Sara R. Fogan, C.Ht. is a certified hypnotherapist based in Southern California. She graduated with honors from the Hypnosis Motivation Institute in 2005. For more information about Calminsense Hypnotherapy®, please visit http://www.calminsensehypnotherapy.com/
(c) 2017


In Honor of Dr. K.



(This blog was originally posted on July 6, 2016)


Photo by Rick Hustead







One of the most interesting components of my hypnotherapy training at the Hypnosis Motivation Institute was video “classes” featuring HMI founder John Kappas, Ph.D. Dr. Kappas passed away a few years before I started my training; however, these tapes (now digital files, I’m sure) made it feel like he was still right there guiding future generations in his hypnotherapy method. Instructors at the hypnotherapy college continue to reference his methods and philosophies in their lectures.

The first time I “saw” Dr. Kappas was when I watched the 101-5 and 101-6 videos about his Emotional and Physical Sexuality concept. I had just completed the 101 mini-course about hypnosis and decided to pursue the hypnotherapy certification. My instructor suggested that everyone who planned to do the certification should watch these videos before the next (201) section of classes began in a few weeks. Ever the over-eager student, I reserved the videos and a viewing-booth right away and settled in to be amazed. Boy was I.

The first thing I noticed about Dr. Kappas was his incredible charisma and soft-yet-booming voice. I’m sure—I know—I went into a light trance watching the classes. I also thought he sometimes bore a strong physical resemblance to the late John Thaw, a British actor probably best known for portraying Inspector Morse in the popular television series. I’m sure that factor alone inspired me to “endeavor” to become the best hypnotherapist I could. (Sorry, I had to write that. I’m sure any Inspector Morse fans reading this blog got the pun.)

One of the first techniques I learned during my hypnotherapy training was how to do an inferred arm-raising induction. Dr. Kappas taught and believed this was the most effective way to help a client achieve hypnotic depth. It’s true. I confess that I did forgo the arm-raising induction for a very brief time when I started my practice. But I quickly realized/discovered that the hypnosis I was providing my clients without using this technique was not as intense or successful and quickly incorporated the I.A.-R. back into my hypnotherapy-induction repertoire.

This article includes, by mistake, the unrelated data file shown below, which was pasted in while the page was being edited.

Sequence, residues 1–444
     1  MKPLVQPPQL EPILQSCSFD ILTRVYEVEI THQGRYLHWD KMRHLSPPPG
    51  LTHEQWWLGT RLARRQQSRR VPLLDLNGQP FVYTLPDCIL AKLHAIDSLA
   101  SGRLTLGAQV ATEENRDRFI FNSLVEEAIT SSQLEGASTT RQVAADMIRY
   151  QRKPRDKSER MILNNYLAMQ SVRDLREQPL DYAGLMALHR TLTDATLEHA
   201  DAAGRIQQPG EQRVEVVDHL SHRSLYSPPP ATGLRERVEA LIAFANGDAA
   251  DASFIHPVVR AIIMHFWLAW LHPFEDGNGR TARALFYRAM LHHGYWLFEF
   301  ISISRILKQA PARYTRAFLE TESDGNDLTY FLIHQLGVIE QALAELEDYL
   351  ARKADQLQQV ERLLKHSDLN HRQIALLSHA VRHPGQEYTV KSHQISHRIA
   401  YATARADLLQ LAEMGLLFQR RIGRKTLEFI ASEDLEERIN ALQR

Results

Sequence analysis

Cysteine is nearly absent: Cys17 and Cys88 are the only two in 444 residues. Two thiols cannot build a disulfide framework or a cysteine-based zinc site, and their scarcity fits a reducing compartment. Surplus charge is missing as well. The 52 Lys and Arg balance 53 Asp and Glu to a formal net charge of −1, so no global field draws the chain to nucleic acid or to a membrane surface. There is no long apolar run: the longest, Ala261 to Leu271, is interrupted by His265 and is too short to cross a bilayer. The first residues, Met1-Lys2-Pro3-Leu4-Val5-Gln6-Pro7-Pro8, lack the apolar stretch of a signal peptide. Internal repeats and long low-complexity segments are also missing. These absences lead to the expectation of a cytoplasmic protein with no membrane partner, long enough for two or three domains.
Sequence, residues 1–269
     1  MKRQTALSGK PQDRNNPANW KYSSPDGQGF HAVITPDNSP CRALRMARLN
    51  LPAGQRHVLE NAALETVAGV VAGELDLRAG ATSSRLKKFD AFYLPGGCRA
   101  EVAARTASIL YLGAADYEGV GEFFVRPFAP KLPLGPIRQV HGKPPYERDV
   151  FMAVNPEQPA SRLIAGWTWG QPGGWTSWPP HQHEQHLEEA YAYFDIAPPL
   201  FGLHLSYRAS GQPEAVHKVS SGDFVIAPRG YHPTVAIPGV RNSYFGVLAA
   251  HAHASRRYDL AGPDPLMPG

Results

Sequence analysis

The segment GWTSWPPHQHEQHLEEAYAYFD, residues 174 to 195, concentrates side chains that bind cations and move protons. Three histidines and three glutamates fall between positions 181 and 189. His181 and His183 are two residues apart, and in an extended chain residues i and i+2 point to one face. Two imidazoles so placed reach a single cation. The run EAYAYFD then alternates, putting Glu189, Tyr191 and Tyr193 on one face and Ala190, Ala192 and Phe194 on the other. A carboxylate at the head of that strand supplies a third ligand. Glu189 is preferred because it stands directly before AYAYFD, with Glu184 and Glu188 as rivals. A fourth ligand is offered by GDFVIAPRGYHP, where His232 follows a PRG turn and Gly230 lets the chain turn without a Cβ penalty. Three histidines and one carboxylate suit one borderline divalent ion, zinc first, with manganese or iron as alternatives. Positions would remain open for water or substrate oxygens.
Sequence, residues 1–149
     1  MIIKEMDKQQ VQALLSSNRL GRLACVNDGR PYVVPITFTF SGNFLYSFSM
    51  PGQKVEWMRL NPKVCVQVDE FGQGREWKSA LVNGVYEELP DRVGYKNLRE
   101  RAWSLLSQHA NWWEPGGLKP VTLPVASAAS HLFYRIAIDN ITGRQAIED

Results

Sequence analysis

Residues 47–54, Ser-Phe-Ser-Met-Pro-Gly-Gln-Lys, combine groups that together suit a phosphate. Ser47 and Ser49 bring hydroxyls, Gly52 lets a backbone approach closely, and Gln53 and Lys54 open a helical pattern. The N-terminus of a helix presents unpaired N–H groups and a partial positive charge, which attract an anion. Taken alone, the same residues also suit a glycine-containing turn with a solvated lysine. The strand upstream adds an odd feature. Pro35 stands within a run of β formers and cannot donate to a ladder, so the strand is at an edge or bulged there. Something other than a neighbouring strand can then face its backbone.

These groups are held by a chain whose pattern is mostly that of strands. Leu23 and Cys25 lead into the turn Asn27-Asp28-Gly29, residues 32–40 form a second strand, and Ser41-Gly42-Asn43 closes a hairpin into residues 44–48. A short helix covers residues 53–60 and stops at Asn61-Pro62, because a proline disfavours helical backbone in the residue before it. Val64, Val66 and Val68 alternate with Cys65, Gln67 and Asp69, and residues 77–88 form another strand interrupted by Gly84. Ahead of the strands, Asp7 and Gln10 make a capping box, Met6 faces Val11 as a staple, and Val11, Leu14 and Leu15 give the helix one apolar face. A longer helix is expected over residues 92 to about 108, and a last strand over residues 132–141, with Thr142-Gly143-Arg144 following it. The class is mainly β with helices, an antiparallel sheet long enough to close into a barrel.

Dr. Kappas’s models of E. and P. sexuality and E. and P. suggestibility have also become a daily part of my own life. I can’t think of any situation social interaction in which these concepts do not somehow apply; they have certainly helped me to better understand behavior. I liken learning these theories and models to putting a technicolor spin on my psychology background and training. In addition to being a hypnotherapist, Dr. Kappas was also a psychologist; virtually every one of his therapeutic concepts is modeled on psychological theory. For example, did you know that passive-aggression is associated with very early stages of development? To address and change this behavior in hypnotherapy, I would desensitize the client to the various stimuli that trigger the resistance and help the person find more effective ways to express feelings and fulfill unmet needs.

When I look back on my life and various opportunities I have enjoyed, one of the greatest things I have ever done is become a certified hypnotherapist. This career enables me to incorporate the theories about the brain, psychology and emotion to talk directly to the client’s subconscious mind to help the person change unwanted behaviors beliefs and behaviors. Hypnosis is effective, drug-free and it has been around for centuries. And thanks (many, many thanks) to Dr. John Kappas’s teachings and the Hypnosis Motivation Institute, I am now part of this wonderful tradition and can help you achieve vocational and avocational self-improvement goals.


Sara R. Fogan, C.Ht. is a certified hypnotherapist based in Southern California. She graduated with honors from the Hypnosis Motivation Institute in 2005. For more information about Calminsense Hypnotherapy® and to set up an appointment, please visit http://www.calminsensehypnotherapy.com/. 

© 2017